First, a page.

This is a simple guide to growing growing grapes indoors, be them edible or wine grapes in a conservatory. I just want to start by saying that I am no expert on this subject nor am I an expert gardener. What I would like to say is, I do have some experience growing grapes and vines indoors, specifically in greenhouses and in the conservatory. I’m guessing that people have found this post by searching specifically for growing grapes in a conservatory or in pots, let me tell you know, YES, this can be done and you can produce a fantastic crop of good quality grapes using this technique. Of course, the professional grape growers will scoff at this idea and tell you otherwise, and they would be right. Grapes require, in an ideal situation, a sunny, well drained, sheltered, proven, outdoor environment. But not not all of us have this luxury Some of us just want to grow a decent vine from a pot, a greenhouse or in this case a conservatory.
Tips for Growing Grapes Indoors
Growing grapes indoors is going to be much harder than outside for many reasons. Lets take the disadvantages of growing in a conservatory:
- You will need to monitor the water situation
- No natural conditions
- Need to control the heat (a conservatory will get REALLY hot in the summer)
- More sensitive to disease
Having said that, you get the advantages are:
- You can protect your crop during the winter months
- The grapes get more heat
- Not exposed to the elements
- The growing season is extended
This is the second time I have grown grapes in the conservatory. I must confess now. The first time I did this I got it all wrong and the vine died over winter. By reading this you will be able to learn from my mistakes and avoid the problems I had the first time around.
As you can see from above, the grape vine is growing really well and if you look closely you will see some small round balls of grapes. As mentioned on my first attempt…
My Attempts for Growing Grapes Indoors
On my first attempt we had a fairly well developed vine. It flourished during the spring and summer months, in fact the vine was rescued (from another person) from a pot that had been left over during a previous summer that had been left abandoned and had received NO care and no water! Just goes to show how resilient the plant really is. Anyway, we potted the vine on and it did really well. The reason why I was not successful was undoubtedly OVER WATERING during the winter months. Vines do NOT LIKE being left waterlogged in cold weather. This will be your main problem when growing vines from pots, be it in a conservatory, greenhouse or a the garden.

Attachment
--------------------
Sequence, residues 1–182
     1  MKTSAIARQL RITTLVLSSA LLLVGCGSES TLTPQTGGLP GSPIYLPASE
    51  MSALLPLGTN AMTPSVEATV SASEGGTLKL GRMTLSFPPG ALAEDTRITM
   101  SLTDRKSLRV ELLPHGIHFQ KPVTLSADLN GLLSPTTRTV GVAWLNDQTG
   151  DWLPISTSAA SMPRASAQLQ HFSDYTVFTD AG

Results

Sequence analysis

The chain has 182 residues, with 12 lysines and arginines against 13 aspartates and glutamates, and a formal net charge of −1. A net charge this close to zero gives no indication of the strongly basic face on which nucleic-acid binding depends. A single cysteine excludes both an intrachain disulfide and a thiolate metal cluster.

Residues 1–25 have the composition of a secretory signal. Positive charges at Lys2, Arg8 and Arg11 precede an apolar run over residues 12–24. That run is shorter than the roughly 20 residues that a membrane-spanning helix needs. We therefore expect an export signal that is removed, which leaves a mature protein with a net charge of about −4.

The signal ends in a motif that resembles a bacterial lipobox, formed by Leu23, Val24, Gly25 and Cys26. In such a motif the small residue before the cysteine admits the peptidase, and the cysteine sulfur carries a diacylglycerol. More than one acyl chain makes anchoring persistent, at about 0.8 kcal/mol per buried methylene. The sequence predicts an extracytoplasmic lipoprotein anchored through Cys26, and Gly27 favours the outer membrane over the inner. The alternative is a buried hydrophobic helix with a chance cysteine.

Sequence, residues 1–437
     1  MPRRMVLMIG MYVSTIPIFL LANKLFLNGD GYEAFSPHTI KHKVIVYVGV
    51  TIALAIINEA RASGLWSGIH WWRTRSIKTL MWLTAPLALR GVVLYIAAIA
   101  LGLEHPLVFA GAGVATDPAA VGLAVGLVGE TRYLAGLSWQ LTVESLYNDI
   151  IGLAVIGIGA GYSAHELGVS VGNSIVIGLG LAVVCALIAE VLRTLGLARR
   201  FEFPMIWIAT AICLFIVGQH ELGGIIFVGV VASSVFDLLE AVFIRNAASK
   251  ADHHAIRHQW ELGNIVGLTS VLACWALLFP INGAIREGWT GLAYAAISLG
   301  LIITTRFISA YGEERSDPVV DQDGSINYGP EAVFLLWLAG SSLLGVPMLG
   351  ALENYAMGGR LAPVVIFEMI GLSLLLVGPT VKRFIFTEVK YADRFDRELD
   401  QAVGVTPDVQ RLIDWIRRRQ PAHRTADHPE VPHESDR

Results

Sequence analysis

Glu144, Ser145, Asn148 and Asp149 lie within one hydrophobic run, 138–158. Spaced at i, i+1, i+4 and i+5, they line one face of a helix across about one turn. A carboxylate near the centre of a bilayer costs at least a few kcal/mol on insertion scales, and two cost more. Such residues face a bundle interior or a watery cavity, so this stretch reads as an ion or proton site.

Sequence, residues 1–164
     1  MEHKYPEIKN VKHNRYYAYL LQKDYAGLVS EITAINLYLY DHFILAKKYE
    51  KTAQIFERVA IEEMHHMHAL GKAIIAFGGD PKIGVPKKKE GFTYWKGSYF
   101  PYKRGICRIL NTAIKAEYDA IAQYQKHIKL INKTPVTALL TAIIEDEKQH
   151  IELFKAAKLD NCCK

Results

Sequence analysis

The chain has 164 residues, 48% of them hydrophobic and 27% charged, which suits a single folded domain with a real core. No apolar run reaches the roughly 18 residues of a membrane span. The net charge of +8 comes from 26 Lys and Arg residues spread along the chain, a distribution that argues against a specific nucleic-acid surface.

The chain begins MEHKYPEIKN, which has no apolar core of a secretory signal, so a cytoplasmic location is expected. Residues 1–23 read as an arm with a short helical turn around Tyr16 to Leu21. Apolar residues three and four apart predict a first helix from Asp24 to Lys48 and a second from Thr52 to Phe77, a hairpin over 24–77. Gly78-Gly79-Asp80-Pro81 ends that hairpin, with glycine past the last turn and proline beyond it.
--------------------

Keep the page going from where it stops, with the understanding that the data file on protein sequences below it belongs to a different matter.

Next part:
Apologies for the mess; My second attempt in year 2. Doing well:
As you can see above, you will need a LARGE pot. I’m using a plastic terracotta style pot. The pot I have used does not have any drainage at the bottom. My reason, rightly or wrongly is this. If you over water, water will pour out of the container saucer and onto the conservatory floor. Secondly, the sealed pot keeps water locked in, in a very hot conservatory the vines will literally drink water like no tomorrow. Now, grape vines need well drained soil, so it is absolutely vital that you do not over water. This is not such a problem in the summer months, but in winter, water logged pots will kill the vine.
The grapes are forming nicely:
You can see the remains of the flowers on the grapes here:
Ooh what a lovely bunch of grapes:
In conclusion growing grapes indoors can be done, experts will scoff, but with a bit of extra care, you will get some great results.
Just had to write about our latest art purchase of this spooky photo art picture of the Bridgnorth Majestic Cinema. So what’s the story here? Well about 2 months ago we were walking around the market in Ludlow, Shropshire, and stumbled upon a most unusual stall selling the most unusual, but amazing photo art pictures of local areas in around Shropshire, namely Bridgnorth, Chirbury, Clun, Ironbridge, the Long Mynd, Ludlow, Montgomery, Much Wenlock, Shrewsbury, Stiperstones, Stokesay, Whittington and the Wrekin. Not quite sure how the artist manages to create such amazingly weird and wonderful pieces, but I should imagine it all starts with an expertly taken photograph overlaid with some Photoshop magic.
I was not in a position to buy a piece right there and then but the artist explained that he offered a postal service, so gave me his equally spooky business card with the web site address on it. When we got home we visited the Witch Photographer site at http://www.witchphotographer.com. What a great site, and some of the most bizarre and spooky photo art pictures of the local area. I wanted one!
Why I chose the Bridgnorth Majestic Cinema Picture
The choice of picture was huge but in the end one particular piece caught my eye. I’m of the mind that location art, photos and pictures that you hang on your wall, are in your home, in frames, that you buy, should have some relationship with you. Places you have been, places you are seen. places you have lived. I really don’t see the point of hanging a picture of the Empire States building on you wall if you’ve not been there. For this reason I was strangely drawn to the picture of the iconic Bridgnorth Majestic Cinema, Shropshire, England. I have very fond childhood memories of visiting the only working cinema in Bridgnorth to watch such films as Ghostbusters, Gremlins, Star Wars and Indiana Jones. The cinema opened in 1937, and has three screens. The main large screen has around 330 seats and the two smaller ones have around 80 seats, this is not some soulless multiplex, but a glorious, Majestic theatre.
Witch Photographer Picture of the Bridgnorth Majestic Cinema:
So anyway, there you go and there you have it, perhaps yes, not to everyone’s taste, but I love it, and this spooky picture of the Bridgnorth Majestic Cinema will hang proudly on my wall for all to see.